- Théâtre de Femmes de l’Ancien Régime ed. by Aurore Evian, Perry Gethner, and Henriette Goldwyn
This first volume of a five-volume series clearly lays out the enormous task that the editors have undertaken, that of correcting the common misconception that women’s participation in theater as dramatists is a recent development. The [End Page 147] editors propose, through this series, to bring to light the works of a wide variety of women dramatists, both professional and amateur, and to make them accessible to students and professors, as well as any others interested in theater.
This desire to make the plays accessible functions very successfully on two levels in the volume. First, there is the fact that many of these works are not currently available in most libraries, having long since gone out of print. At the beginning of each play, the editors list the first edition of the play as well as the edition(s) used as reference with bibliographical information so that scholars can refer to these. Second, the editors have endeavored to make the texts more accessible to the modern reader, including students of the language, by modernizing the spelling, punctuation and printing, and by glossing words that no longer exist or whose meanings have changed over time. At the same time, as the editors point out in the introduction, they have attempted to retain the versification and to clearly mark if the pronunciation of a word has changed that might affect the rhyme or the meter of the verses. Thus, by presenting these plays in a modern, annotated edition, they are easily accessible for reading, discussion and study.
The works published in this volume include plays written by three women who are today perhaps more well-known for others forms of literature. Marguerite de Navarre, best known for her Heptaméron and her poetry, is the first author presented, followed by the poet Louise Labé. The final author presented in the volume is the salonnière and poet Catherine Des Roches. By presenting these women in a new, creative light, the editors expand our appreciation of their talents, and allow the reader to discover other aspects of these early authors that have been, until now, overlooked or ignored.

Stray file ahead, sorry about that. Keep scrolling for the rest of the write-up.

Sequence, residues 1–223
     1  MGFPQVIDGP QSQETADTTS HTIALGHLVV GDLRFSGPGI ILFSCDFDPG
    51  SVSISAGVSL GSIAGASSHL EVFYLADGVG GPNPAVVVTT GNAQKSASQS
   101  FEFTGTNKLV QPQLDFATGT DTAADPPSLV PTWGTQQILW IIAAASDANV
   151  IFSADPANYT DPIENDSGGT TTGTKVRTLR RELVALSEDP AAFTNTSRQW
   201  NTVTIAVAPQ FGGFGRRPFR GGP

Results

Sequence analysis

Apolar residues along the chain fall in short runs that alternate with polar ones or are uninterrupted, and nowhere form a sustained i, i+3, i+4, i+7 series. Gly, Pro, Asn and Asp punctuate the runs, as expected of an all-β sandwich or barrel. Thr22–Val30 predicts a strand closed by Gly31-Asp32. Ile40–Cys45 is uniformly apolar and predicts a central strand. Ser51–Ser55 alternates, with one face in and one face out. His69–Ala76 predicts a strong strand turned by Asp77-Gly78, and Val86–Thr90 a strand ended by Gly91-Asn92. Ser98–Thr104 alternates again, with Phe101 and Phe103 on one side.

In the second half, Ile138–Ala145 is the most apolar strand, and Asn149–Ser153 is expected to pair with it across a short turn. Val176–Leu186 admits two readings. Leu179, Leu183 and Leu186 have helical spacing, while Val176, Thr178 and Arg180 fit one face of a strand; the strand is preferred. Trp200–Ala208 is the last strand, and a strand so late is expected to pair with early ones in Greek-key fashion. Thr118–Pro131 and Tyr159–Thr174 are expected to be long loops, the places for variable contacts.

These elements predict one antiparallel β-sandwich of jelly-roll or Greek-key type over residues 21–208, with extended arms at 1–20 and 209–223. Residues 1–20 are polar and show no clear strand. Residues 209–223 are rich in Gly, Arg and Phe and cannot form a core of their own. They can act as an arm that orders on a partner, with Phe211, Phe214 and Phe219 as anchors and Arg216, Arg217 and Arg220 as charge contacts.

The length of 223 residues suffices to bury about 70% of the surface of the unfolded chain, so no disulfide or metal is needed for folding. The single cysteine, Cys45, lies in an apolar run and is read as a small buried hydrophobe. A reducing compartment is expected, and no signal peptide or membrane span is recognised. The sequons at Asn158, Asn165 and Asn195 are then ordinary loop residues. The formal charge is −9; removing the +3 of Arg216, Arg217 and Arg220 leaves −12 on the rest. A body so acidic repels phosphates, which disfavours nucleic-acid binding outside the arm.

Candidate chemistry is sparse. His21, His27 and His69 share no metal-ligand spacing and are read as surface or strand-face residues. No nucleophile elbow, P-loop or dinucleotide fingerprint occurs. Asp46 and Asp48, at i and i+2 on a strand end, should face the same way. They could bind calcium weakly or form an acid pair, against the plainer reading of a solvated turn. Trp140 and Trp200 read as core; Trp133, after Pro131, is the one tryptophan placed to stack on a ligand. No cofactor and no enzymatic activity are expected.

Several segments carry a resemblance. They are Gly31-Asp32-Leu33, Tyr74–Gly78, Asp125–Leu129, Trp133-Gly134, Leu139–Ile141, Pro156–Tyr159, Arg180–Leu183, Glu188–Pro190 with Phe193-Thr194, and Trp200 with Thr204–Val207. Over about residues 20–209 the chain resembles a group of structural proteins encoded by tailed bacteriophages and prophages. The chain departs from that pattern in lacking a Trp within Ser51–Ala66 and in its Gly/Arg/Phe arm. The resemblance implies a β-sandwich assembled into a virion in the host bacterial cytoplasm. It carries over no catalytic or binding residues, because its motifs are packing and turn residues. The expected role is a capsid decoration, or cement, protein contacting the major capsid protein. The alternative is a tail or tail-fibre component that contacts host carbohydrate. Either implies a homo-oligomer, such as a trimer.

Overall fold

Marguerite de Navarre’s works occupy the largest portion of the volume and include eight of her eleven known plays. As the editors point out, she is the first known female French playwright, and her plays are as varied as her poetry and her stories in the Heptaméron. In keeping with their desire to present a complete vision of the authors studied, the editors have provided the reader with the same variety in their play selections: three religious satires, two plays dealing with the worldlier subject of love, a meditation and two biblical plays. The breadth of these offerings emphasizes the range of Marguerite de Navarre’s style and talents.
Labé’s only known play is presented in the volume as one of the first humanist plays and a play that was clearly ahead of its time, which could explain why it disappeared with the Revolution and the advent of the ultra-paternal Nineteenth Century. Clearly, a play that advocated the equality of the sexes was a threat to a society that wished to keep women in their place. It would seem only fitting that Labé’s play was republished, as the editors point out, in 1578 along with the plays of Madeleine and Catherine Des Roches.
Catherine Des Roches is the final author presented in the volume, and the editors have made a concerted effort to separate Catherine’s works from those of her mother, and for the first time to separate Catherine’s theater from the entire corpus, choosing to present her plays as stand-alone works. Once again, the editors present a varied selection of plays, including Tobie, a tragi-comedy [End Page 148] based on a biblical theme, Bergerie, a pastoral...